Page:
For more information about Meteor Showers, visit Gary Kronk's Meteor Showers Online web page.

  • Comets

  • Comet Lovejoy (C/2014 Q2) is passing through the constellation of Cassiopeia this month making is visible for northern observers all night long. Shining at 10th magnitude, Comet Lovejoy will be difficult to spot unless observed from dark sky sites. Comet Lovejoy passes about 1° west of open cluster M103 on the 17th.

  • For information, orbital elements and ephemerides on observable comets, visit the Observable Comets page from the Harvard-Smithsonian Center for Astrophysics.

    For more information about Comets, visit Gary Kronk's webpage.

  • Lunar Eclipse

  • A total solar eclipse occurs just south and east of Iceland on the 20th.

  • Observational Opportunities

  • Look for Venus, Mars and Uranus to the west soon after sunset.
  • Observe Jupiter all night long this month.
  • Observe Saturn and Mercury in the early morning sky before sunrise.
  • Try to spot Comet Lovejoy with a small telescope or binoculars.
  • Asteroids

    (From west to east)
    • Juno is in the constellation of Cancer.
    • Iris is at opposition on the 6th in the constellation of Leo.
    • Eleanora is at opposition on the 5th in the constellation of Leo.
    • Nysa is at opposition on the 22nd in the constellation of Virgo.
    • Massalia is in the constellation of Virgo.
    • Herculina is in the constellation of Ophiuchus.
    • Pallas is in the constellation of Ophiuchus.

    • Information about the Minor Planets can be found at the Minor Planet Observer website.

    IOTA Logo

  • Information on various occultations can be found by clicking the IOTA logo.
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    Planetary/Lunar Exploration Missions

    (Excerpts from recent JPL mission updates)
    Cassini - February 12, 2015
    A New Way to View Titan: 'Despeckle' It

    Full image and caption

    -- Radar images of Titan have always had a grainy appearance due to electronic noise.

    -- A new tool suppresses the noise, resulting in clearer views than ever before.

    "During 10 years of discovery, NASA's Cassini spacecraft has pulled back the smoggy veil that obscures the surface of Titan, Saturn's largest moon. Cassini's radar instrument has mapped almost half of the giant moon's surface; revealed vast, desert-like expanses of sand dunes; and plumbed the depths of expansive hydrocarbon seas. What could make that scientific bounty even more amazing? Well, what if the radar images could look even better?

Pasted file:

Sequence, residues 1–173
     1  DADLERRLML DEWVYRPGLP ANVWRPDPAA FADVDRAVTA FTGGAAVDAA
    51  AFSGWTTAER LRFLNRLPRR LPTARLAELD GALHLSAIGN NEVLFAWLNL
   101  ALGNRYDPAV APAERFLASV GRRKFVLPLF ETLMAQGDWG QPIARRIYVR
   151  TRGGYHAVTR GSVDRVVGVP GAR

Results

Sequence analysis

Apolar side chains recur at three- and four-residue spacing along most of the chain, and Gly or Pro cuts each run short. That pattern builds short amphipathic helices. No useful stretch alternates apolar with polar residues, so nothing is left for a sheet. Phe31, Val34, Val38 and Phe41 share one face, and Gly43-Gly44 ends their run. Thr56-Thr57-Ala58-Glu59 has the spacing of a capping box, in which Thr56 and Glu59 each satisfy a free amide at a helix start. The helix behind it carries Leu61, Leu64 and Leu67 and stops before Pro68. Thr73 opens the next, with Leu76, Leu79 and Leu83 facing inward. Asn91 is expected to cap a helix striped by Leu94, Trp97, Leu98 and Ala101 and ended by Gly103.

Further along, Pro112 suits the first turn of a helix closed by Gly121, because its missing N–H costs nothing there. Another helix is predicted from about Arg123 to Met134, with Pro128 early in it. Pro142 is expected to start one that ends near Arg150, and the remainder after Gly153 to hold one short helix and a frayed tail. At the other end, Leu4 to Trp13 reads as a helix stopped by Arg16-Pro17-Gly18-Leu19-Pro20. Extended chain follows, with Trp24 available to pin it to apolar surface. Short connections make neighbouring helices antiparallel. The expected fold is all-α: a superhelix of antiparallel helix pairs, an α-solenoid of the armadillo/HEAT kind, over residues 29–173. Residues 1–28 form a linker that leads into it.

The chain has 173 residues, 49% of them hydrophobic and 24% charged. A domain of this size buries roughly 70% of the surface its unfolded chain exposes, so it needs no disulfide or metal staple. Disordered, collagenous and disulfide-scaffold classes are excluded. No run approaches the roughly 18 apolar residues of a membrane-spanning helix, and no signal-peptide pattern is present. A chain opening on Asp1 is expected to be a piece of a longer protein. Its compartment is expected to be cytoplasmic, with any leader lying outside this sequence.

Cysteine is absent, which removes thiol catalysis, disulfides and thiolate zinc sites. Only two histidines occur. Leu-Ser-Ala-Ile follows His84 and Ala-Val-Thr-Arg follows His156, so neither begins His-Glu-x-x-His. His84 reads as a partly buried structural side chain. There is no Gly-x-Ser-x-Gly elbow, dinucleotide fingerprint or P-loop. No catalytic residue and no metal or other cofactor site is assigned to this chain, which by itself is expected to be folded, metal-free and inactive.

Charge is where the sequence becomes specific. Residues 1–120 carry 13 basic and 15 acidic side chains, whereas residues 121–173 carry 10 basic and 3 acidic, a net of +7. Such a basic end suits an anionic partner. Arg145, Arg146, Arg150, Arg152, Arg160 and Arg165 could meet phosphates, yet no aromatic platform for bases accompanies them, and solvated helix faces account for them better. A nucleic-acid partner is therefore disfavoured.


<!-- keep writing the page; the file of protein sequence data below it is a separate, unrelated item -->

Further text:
Thanks to a recently developed technique for handling noise in Cassini's radar images, these views now have a whole new look. The technique, referred to by its developers as "despeckling," produces images of Titan's surface that are much clearer and easier to look at than the views to which scientists and the public have grown accustomed."

    The Cassini-Huygens mission is a cooperative project of NASA, the European Space Agency and the Italian Space Agency. JPL, a division of the California Institute of Technology, Pasadena, manages the mission for NASA's Science Mission Directorate in Washington. More information about Cassini is available at the following sites: "

    Raw images are available at

    Cassini Imaging Team

    For the latest mission status reports, visit Cassini Mission Status web page. The speed and location of the spacecraft along its flight path can be viewed on the Present Position webpage.

    New Horizons - February 18, 2015
    85 Years after Pluto's Discovery, New Horizons Spots Small Moons Orbiting Pluto

    Full article with images

    "Exactly 85 years after Clyde Tombaugh's historic discovery of Pluto, the NASA spacecraft set to encounter the icy planet this summer is providing its first views of the small moons orbiting Pluto.

    The moons Nix and Hydra are visible in a series of images taken by the New Horizons spacecraft from Jan. 27-Feb. 8, at distances ranging from about 125 million to 115 million miles (201 million to 186 million kilometers). The long-exposure images offer New Horizons' best view yet of these two small moons circling Pluto, which Tombaugh discovered at Lowell Observatory in Flagstaff, Arizona, on Feb. 18, 1930.